Nobody bids on anything without huge numbers of people agreeing it can be delivered and supported.

        Once the deal is struck, delivery is down to the Service Delivery guys, who will have previously agreed they can do it.

        1. Uraael

          Re: If only

          "Once the deal is struck, delivery is down to the Service Delivery guys, who will have previously agreed they can do it."

          Yeah...only if governance procedures are being followed correctly, or exist in the first place. The assumption that Service Delivery know what Sales are selling is not always true, sadly.

    3. Anonymous Coward
      Anonymous Coward

      Sales go after what they can get commission on. There is still a widespread unwillingness to be honest about the true cost of IT projects so bids are often under costed (I think this is true on most IT projects, not just ones which are outsourced).

      Also, the clients are not always be totally honest about their internal setup e.g. they will say someone who understands system X will be available 3 days a week to support but actually they are committed to 3 other projects already. Even big players like Capita aren't always savvy enough to lock that down contractually.

      When the poor souls who actually have to deliver it get stuck in and find out the client is a basket case or the bid was full of ridiculously optimistic costs/assumptions the sales staff are long gone by then of course... Former Systems Integrator and managed service provider developer here, definitely not bitter.

      1. Anonymous Coward
        Anonymous Coward

        We once had a business model where we invested in integrating and testing a standardised hardware/software solution to fit a generalised market niche.

        The first customer came - and the salesman ordered a different hardware model because he could get a "good deal" on it. Which then took us several weeks even to get the LAN cards to work - wiping out any profit.

  8. Blockchain commentard Silver badge

    10 Helldesks - imagine being bounced around them when you're trying to get help - shudder.

    1. Anonymous Coward
      Anonymous Coward

      Even Dante could only come up with 9 circles of hell.

  9. Anonymous Coward
    Anonymous Coward

    How many staff have been tuped into crapita with unsustainable pension costs?

    I also note that even with this loss up to the interim last year they were paying out dividends. Not sure how that works.

    1. Anonymous Coward
      Anonymous Coward

      Duped not Tuped

      How many staff have been tuped into crapita with unsustainable pension costs?

  10. Anonymous Coward
    Anonymous Coward

    10 help desks and....

    ..have been under investing in their own IT. And these are the same people you outsource to, to manage your IT. Managers, read that*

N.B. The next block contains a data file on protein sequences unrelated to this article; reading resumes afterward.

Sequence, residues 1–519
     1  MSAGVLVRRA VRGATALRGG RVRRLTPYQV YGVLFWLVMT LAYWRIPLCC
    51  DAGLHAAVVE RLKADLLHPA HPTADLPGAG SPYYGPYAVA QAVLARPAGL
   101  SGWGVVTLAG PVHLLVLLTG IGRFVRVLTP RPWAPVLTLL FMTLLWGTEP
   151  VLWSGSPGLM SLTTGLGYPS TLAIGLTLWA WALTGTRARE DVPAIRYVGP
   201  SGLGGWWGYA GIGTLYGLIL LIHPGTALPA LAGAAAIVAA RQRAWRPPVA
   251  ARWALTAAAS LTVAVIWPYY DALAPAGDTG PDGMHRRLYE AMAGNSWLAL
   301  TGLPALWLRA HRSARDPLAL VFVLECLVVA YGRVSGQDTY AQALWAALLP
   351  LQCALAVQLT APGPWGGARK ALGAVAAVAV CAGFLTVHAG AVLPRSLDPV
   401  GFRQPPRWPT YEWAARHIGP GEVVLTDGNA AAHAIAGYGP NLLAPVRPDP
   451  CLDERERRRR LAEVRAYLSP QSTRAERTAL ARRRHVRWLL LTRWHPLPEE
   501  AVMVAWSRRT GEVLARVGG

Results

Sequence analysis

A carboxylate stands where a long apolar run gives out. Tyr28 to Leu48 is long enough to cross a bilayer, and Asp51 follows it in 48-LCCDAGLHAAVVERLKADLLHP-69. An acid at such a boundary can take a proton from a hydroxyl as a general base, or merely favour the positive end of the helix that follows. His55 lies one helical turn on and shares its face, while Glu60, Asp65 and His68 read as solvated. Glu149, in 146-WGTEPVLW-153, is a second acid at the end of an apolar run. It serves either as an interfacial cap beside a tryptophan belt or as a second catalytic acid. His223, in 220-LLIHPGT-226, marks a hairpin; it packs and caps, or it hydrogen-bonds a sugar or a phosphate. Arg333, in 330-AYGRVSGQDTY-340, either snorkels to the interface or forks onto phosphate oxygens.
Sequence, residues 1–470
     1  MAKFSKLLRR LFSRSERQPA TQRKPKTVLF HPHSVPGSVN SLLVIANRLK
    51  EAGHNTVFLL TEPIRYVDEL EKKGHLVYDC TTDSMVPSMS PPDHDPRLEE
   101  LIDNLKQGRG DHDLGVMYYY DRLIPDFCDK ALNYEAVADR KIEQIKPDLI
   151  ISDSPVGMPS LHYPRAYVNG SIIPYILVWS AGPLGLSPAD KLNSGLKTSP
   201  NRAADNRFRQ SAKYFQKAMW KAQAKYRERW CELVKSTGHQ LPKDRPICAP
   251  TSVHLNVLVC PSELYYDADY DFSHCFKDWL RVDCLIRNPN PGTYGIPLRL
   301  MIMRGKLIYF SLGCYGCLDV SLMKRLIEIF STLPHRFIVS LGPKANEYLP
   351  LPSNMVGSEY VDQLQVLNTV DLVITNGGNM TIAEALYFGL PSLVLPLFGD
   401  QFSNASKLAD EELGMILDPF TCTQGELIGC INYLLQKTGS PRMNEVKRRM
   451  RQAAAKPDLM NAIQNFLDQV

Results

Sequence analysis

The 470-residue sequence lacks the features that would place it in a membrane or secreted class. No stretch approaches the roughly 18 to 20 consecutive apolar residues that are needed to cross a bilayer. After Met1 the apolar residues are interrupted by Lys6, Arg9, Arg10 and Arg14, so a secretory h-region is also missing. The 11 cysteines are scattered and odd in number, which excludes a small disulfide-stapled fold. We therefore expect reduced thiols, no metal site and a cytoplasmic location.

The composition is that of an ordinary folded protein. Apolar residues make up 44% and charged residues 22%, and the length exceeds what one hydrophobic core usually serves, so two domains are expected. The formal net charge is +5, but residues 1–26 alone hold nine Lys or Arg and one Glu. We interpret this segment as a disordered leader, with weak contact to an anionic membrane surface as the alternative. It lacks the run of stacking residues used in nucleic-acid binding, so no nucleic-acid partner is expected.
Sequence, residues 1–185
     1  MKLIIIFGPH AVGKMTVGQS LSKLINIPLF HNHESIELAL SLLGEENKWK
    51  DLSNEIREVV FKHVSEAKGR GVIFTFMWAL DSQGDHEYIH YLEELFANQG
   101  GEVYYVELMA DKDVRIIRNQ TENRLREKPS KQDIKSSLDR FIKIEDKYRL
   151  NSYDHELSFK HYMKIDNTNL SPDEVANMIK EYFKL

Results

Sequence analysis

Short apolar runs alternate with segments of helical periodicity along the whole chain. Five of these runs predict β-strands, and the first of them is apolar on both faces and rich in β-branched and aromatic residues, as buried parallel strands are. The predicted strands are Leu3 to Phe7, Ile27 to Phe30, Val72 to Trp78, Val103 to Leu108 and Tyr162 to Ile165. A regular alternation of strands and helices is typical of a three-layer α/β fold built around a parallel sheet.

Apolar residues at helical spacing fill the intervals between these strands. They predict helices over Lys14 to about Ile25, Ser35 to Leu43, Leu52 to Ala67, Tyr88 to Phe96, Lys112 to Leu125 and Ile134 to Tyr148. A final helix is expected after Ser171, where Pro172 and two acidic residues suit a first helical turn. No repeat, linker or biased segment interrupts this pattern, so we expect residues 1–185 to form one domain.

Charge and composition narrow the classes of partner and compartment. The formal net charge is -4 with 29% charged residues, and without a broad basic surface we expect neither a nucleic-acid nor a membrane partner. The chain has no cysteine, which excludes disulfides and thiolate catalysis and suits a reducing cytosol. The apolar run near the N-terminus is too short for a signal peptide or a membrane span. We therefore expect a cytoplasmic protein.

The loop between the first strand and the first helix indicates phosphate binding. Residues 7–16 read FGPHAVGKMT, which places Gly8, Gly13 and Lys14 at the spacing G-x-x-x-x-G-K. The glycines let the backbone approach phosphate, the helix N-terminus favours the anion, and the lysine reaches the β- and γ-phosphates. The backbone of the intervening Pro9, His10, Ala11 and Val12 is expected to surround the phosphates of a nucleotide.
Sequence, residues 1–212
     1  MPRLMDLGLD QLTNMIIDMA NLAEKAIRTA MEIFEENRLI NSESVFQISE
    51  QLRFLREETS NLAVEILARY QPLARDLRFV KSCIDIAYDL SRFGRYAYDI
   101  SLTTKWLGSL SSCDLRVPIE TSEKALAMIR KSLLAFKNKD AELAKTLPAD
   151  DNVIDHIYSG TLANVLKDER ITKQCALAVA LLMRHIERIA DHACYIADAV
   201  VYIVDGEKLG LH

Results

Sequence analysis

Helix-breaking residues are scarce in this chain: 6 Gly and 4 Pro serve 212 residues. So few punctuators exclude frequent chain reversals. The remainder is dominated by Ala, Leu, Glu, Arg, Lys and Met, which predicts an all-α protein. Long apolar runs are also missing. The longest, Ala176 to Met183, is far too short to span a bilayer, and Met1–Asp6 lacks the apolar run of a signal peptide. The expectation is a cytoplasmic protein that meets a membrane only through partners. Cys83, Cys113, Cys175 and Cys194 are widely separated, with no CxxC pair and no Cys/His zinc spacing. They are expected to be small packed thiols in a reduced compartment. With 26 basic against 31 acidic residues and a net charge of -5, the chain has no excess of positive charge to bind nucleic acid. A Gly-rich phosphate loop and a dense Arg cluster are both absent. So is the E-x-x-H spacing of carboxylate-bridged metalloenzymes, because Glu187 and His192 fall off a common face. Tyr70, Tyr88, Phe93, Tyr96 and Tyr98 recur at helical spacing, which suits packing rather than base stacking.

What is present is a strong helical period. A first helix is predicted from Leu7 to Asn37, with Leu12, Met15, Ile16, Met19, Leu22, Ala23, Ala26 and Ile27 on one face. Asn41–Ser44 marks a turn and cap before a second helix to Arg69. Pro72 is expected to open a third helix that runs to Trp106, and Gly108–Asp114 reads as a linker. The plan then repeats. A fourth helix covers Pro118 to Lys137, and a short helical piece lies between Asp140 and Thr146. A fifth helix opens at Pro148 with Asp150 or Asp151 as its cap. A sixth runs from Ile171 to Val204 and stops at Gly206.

*They will, then still choose Crapita anyway. A NHS Trust I know went to them for IT support a few years back. They've regretted it ever since. I have no sympathy. We warned them it was a mistake.

  11. Salestard

    Doubt it'll happen

    Phone call three weeks ago from a recruitment consultant I know

    "Hello Salestard. Capita are recruiting salespeople, would you be interested"

    "Not a chance"

    "They're paying well"

    "Still not a chance"

    [sighs] "This is getting silly. You're the twentieth person this morning who's dismissed them out of hand"

    The humane thing for Capita would be to take it round the back of the shed with the shotgun and put it out of its misery.

    1. Anonymous Coward
      Anonymous Coward

      Re: Doubt it'll happen

      "Still not a chance"

      You couldn't capitalise on their desperation by demanding a huge base salary, guaranteed minimum bonus, and nine months notice?

      Obviously "salesman working for Crapita" would be a big stain on your CV, but you could always claim to have been unemployed, or in prison. Or just describe it as a sabbatical.

      1. Salestard

        Re: Doubt it'll happen

        Big stain on my soul, never mind the CV.

        1. Anonymous Coward
          Anonymous Coward

          Re: Doubt it'll happen

          Big stain on my soul, never mind the CV.

          HUFFFFF! HUFFFFF! Join me on the dark side, and give up your weak human pride!

        2. CrazyOldCatMan Silver badge

          Re: Doubt it'll happen

          Big stain on my soul, never mind the CV.

          That's when you *know* a place is bad - even the sales types are seeing it as a stain on their souls[1]..

          [1] I thought that you all had to give up your souls as part of the induction into being a sales person? Much like an IT person has to give up their sanity to join a helldesk..